ERIC Number: ED047216
Record Type: RIE
Publication Date: 1969
Reference Count: N/A
The Development and Evaluation of Farm Management Instructional Units for Young Adult Farmer Education.
Peirce, Harry Edgar, Jr.
The purposes of this study were to: develop and measure the effectiveness of instructional units designed to enable young adult farmers to improve their ability to use farm management principles when making decisions, and measure the influence that independent variables have on the young farmer's level of understanding these principles. McCormick's testing instrument for measuring "Seven Profit-Maximizing Principles" was revised slightly to measure the understanding of farm management principles by the farmers who were placed in experimental and control groups. Questionnaires were also prepared to determine the young adult farmer and teacher reaction to the instructional units. The prepared units, when used by teachers with inservice training on their use, were significantly more effective than traditional techniques of teaching farm management as measured by the post-test scores. Teachers who used the units without inservice training ranked second in effectiveness out of three instructional approaches but were not significantly better than those who used traditional techniques. Students with the most formal education and managerial responsibility and best attendance at farm management meetings had a better understanding of farm management principles; older, married, and more experienced students scored higher on exams. (Author/NL)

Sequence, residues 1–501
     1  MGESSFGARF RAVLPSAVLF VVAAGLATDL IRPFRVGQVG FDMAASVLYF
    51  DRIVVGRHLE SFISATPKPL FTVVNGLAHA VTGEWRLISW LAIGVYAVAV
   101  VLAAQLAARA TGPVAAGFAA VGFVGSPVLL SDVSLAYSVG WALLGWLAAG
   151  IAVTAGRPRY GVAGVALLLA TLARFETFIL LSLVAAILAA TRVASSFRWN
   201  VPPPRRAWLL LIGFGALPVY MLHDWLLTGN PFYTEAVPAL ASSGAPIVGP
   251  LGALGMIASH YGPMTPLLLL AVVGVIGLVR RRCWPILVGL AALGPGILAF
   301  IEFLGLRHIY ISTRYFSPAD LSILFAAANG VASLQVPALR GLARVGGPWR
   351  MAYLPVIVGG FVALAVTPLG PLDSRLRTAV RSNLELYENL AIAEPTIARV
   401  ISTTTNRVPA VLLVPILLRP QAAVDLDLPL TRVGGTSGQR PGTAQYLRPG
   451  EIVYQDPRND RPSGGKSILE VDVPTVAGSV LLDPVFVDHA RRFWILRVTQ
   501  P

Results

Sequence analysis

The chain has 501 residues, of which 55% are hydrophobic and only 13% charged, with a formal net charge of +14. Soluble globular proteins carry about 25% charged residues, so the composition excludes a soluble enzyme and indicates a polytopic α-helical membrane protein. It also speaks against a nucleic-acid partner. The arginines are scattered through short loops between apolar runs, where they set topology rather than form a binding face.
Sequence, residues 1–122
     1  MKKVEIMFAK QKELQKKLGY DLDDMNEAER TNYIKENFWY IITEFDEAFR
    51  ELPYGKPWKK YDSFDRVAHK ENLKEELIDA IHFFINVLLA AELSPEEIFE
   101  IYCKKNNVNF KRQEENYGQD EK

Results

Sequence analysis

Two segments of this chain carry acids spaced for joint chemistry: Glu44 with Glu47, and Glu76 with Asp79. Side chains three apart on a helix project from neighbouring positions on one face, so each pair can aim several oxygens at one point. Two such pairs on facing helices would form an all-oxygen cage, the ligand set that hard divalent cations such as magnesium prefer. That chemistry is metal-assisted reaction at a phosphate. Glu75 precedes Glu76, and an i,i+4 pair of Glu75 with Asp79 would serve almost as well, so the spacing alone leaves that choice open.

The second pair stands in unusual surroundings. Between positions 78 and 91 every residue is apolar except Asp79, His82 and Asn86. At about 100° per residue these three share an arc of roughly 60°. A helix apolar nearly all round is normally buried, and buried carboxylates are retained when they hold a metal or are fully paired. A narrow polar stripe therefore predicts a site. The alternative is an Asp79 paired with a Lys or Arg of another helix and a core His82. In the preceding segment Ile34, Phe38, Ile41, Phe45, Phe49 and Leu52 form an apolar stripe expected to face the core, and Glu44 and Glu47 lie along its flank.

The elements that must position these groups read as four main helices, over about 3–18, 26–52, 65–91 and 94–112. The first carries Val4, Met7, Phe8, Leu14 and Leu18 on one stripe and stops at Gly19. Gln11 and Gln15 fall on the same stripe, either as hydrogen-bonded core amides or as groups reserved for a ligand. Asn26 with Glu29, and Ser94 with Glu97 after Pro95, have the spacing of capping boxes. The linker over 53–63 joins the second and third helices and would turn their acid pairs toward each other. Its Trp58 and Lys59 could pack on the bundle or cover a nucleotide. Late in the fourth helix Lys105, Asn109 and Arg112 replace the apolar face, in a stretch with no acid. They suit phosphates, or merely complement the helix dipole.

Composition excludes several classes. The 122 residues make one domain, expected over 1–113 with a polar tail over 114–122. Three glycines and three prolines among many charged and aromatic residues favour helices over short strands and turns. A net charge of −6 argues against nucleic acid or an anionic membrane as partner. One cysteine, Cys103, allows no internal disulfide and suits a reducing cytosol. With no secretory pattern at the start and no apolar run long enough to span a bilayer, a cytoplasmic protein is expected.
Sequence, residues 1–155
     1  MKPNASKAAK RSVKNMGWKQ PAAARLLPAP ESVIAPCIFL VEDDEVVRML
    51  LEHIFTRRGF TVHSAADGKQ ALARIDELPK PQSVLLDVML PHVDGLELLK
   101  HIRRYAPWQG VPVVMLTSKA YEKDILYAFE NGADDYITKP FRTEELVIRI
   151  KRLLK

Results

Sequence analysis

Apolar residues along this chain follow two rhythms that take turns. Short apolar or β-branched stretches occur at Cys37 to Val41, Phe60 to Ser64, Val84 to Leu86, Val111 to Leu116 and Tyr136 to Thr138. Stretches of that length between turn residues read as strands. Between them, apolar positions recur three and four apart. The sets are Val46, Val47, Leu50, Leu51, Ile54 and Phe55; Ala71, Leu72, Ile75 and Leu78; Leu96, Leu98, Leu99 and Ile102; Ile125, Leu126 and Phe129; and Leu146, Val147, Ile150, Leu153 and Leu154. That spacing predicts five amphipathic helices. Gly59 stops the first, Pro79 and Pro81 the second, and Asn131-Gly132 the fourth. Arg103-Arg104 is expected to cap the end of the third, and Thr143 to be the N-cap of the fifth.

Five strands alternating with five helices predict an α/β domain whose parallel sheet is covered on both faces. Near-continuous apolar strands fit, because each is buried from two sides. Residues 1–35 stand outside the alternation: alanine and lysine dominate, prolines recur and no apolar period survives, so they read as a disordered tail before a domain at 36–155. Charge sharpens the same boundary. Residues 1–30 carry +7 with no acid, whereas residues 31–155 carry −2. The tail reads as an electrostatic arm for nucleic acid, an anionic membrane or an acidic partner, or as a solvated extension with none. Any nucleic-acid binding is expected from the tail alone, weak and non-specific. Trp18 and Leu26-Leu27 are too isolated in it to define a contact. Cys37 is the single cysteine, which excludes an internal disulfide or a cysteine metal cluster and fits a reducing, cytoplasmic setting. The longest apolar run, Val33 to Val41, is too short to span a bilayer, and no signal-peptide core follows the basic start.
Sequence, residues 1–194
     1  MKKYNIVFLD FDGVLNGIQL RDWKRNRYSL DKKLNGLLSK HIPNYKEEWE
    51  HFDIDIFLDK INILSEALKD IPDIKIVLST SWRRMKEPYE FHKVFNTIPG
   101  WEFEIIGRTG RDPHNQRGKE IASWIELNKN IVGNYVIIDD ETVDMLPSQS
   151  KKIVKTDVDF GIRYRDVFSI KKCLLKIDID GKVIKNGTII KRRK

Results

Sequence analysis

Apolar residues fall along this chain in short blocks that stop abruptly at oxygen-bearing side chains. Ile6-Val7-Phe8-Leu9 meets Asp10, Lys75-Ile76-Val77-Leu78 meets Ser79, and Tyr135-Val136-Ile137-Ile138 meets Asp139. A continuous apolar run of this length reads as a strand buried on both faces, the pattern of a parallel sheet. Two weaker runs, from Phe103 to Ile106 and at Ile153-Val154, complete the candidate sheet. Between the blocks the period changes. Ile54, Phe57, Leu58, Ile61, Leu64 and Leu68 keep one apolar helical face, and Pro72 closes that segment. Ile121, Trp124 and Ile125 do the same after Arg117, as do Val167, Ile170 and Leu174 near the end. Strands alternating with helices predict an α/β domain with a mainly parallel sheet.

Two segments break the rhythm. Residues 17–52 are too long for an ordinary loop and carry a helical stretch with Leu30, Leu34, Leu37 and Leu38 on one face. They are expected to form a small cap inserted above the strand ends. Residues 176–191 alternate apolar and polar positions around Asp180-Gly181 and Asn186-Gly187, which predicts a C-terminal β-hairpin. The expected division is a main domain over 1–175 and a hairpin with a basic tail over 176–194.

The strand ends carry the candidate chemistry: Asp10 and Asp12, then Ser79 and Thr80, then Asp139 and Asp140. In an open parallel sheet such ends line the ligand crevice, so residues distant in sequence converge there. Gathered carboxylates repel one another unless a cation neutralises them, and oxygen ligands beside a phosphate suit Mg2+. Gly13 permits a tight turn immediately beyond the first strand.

Descriptors: Age Differences, Agricultural Education, Conventional Instruction, Doctoral Dissertations, Evaluation, Experience, Farm Management, Inservice Teacher Education, Instructional Materials, Investigations, Marital Status, Material Development, Responsibility, Vocational Education Teachers, Young Farmer Education
University Microfilms, 300 N. Zeeb Rd., Ann Arbor, Michigan 48106 (Order No. 70-6017, MF $4.00; Xerography $8.40)
Publication Type: N/A
Education Level: N/A
Authoring Institution: Cornell Univ., Ithaca, NY.
Note: Ph.D. Thesis